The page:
Robert Bruce (wrestler)

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Robert Bruce
Robert Bruce Photo.png
Ring name(s) Robert Bruce
Billed height 6 ft. 3 in. (191 cm)
Billed weight 276 lb. (125 kg)
Born (1943-11-03)3 November 1943
Musselburgh, Scotland, UK
Died 2 March 2009(2009-03-02) (aged 65)
Auckland, New Zealand
Debut 17 March 1967

Robert Bruce (3 November 1943 – 2 March 2009), born John Charles Young, was a Scottish-born professional wrestler and talent agent in Auckland, New Zealand.

Biography[edit]

Bruce was born in Musselburgh, near Edinburgh in Scotland. He was born John Charles Young, but adopted the stage name of Robert the Bruce, later shortened to Robert Bruce, and kept the name when he quit wrestling. In the ring he played the quintessential villain who prefaced every low blow with an evil smirk, once saying "Honestly, it's better being a bad guy. I suppose it's the underlying evil you may have. You get a lot more fun."[1]

He began wrestling in London in 1967, and toured the United Kingdom, South Africa, Japan, Australia, New Zealand and Fiji, eventually settling in New Zealand in the 1970s after wrestling John da Silva there for the Commonwealth championship in 1972. He held the Commonwealth Heavyweight Title on and off over a five-year period, and wrestled for the World Title.[2] In 1972, he had a small role as one of the bouncers in the Korova Milk Bar in the film A Clockwork Orange.[3]

Bruce retired from wrestling due to injuries to his back and elbows,[4] and decided to form a talent agency in 1978 when he realised that there was no such company in New Zealand. The Robert Bruce Agency was nicknamed the "Ugly Bruce" agency, as Bruce claimed his first clients were his former wrestling friends seeking roles as ugly people, thugs or stuntmen. His later clients included well-known New Zealand actors such as Cliff Curtis, the late Kevin Smith, Robbie Magasiva, Frankie Stevens, Jackie Clarke and Temuera Morrison.[3] He operated out of a villa in suburban Grey Lynn, and his word was his bond. The villa was distinguished by the word "Tobermory", in memory of the lighthouse on the Isle of Mull where his maternal grandfather was a lighthouse keeper, and where his ashes are to be spread.[1]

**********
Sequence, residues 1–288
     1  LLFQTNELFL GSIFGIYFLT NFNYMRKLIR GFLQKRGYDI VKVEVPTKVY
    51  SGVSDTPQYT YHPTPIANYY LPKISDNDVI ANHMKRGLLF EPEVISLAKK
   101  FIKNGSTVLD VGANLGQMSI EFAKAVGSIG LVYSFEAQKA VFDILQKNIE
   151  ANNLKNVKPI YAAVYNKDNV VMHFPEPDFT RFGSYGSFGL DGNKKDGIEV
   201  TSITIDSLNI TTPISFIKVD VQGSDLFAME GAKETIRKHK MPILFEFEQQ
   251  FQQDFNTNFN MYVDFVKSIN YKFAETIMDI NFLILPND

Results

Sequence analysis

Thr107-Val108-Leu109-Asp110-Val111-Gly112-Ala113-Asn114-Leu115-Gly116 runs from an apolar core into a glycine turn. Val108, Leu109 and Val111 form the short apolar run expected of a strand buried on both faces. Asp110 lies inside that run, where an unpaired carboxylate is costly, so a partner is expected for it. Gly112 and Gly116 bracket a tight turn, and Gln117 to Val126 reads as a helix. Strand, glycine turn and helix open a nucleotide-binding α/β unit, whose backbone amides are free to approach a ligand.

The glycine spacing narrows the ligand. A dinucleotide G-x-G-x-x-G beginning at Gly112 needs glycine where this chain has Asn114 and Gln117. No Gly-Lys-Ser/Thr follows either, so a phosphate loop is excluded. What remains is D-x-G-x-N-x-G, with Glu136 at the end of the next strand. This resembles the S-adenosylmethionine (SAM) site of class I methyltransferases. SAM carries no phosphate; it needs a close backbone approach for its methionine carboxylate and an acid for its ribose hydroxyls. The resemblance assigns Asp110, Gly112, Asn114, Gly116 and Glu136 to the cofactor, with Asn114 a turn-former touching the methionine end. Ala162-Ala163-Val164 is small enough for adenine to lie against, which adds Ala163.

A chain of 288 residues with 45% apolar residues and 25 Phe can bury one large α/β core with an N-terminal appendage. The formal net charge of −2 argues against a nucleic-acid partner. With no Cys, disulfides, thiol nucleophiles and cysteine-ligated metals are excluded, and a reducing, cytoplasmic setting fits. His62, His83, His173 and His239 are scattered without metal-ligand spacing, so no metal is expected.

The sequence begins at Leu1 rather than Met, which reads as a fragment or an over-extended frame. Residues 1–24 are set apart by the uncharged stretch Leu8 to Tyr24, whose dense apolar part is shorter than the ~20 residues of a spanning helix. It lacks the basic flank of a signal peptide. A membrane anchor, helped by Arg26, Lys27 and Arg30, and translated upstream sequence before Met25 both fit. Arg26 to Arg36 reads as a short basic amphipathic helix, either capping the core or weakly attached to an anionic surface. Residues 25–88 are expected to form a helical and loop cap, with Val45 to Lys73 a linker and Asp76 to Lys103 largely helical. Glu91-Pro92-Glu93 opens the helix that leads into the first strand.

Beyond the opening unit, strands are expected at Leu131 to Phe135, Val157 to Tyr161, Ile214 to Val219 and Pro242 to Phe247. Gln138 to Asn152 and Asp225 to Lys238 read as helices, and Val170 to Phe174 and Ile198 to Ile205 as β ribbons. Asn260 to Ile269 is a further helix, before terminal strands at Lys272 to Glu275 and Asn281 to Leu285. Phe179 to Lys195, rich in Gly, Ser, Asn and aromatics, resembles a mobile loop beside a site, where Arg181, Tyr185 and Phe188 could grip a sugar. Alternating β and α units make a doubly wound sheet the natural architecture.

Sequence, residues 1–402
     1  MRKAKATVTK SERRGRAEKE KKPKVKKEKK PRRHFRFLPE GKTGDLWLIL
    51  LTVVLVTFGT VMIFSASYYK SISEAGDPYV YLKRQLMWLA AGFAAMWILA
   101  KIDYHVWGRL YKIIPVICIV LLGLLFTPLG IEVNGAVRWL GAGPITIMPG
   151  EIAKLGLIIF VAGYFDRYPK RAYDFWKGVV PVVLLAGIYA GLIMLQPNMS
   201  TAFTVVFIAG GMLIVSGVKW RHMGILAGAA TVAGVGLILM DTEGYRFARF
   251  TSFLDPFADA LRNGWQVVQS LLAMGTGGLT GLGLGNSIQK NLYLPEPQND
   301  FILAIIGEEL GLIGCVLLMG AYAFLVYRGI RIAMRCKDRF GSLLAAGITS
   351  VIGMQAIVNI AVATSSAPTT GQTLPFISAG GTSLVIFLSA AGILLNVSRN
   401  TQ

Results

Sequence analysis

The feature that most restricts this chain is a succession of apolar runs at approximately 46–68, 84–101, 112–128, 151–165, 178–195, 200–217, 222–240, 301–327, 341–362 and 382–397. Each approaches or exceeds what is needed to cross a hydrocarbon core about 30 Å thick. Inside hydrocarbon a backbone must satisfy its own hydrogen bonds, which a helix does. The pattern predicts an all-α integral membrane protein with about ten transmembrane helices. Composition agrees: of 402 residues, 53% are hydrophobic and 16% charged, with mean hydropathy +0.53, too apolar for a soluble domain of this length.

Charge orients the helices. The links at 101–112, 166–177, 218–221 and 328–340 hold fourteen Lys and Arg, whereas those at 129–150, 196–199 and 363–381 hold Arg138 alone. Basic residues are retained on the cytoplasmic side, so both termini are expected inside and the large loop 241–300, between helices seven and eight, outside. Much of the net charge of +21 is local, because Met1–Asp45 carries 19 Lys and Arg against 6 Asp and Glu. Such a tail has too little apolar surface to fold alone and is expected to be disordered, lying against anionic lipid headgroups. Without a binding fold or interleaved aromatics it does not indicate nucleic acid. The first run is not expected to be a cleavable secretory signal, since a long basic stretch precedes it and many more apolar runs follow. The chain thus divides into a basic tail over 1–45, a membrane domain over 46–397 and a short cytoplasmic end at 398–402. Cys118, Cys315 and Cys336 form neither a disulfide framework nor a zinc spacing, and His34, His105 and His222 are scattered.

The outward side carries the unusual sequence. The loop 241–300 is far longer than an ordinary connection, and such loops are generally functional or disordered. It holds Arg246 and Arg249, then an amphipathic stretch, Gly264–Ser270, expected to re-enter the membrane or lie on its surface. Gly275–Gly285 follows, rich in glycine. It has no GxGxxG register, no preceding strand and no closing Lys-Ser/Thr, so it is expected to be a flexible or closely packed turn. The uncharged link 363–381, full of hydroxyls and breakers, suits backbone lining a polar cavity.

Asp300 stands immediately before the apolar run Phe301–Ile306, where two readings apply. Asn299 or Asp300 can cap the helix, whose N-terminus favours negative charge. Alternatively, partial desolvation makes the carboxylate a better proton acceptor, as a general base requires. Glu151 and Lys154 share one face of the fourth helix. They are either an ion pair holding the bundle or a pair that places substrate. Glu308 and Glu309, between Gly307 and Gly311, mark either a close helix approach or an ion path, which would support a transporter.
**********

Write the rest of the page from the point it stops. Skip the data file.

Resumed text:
In addition to representing several of New Zealand's top actors, Bruce worked as a stuntman and fight co-ordinator on several New Zealand films, television shows and theatical plays, working on 73 TV series, 39 films and 21 live shows,[3] and as an actor played the role of a former international rugby player in the 1991 film Old Scores.[5] He was an animal lover, and was a vice-patron of the Royal New Zealand Society for the Prevention of Cruelty to Animals.[6]

Bruce died suddenly and unexpectedly after a short illness on 2 March 2009; his age at the time of his death was reported as unknown by some sources,[2] although other sources say he was 65.[2] He is survived by his partner Gabriella Larkin, his elder sister Merle Frame, her husband Robert and their two children. Robert had three daughters, the product of his first marriage to Jean Young, formally Gould. They married in London on February 2, 1963. He was then a Police Constable based in Union Road Station near Wandsworth. Their first daughter Laurie was born in July 1963 with the addition of twin daughters Donna and Julie three years later. They lived as a family in Police accommodation in Charlton South London until they separated and he left to start a new life in New Zealand with his new partner Lyn. He travelled the world with his wrestling and acting career and letters, birthday cards, photographs, etc. were exchanged between the children and Robert for a good few years. His eldest daughter went to visit him in New Zealand in the late 80's where she met many of his friends and Lyn's family.

Championships and accomplishments[edit]

References[edit]

  1. ^ a b Obituary in Dominion Post 5 March 2009 page B3
  2. ^ a b c "Wrestler, acting agent Bruce dies aged 65". The New Zealand Herald. NZPA. 2 March 2009. Retrieved 5 November 2011. 
  3. ^ a b c "Acting fraternity shocked over death of Bruce". Television New Zealand. Reuters. 2 March 2009. Retrieved 5 November 2011. 
  4. ^ Ihaka, James (3 March 2009). "Robert Bruce: 'Bad guy' of wrestling spent his life helping others". The New Zealand Herald. Retrieved 5 November 2011. 
  5. ^ Martin, H., & Edwards, S. (1997) New Zealand film, 1912-1996. Auckland: Oxford University Press (NZ). p. 155
  6. ^ "Wrestler Robert Bruce dies". Otago Daily Times. NZPA. 2 March 2009. Retrieved 5 November 2011. 
  7. ^ "British Empire/Commonwealth Heavyweight Title (New Zealand)". Puroresu Dojo. 2003. 

External links[edit]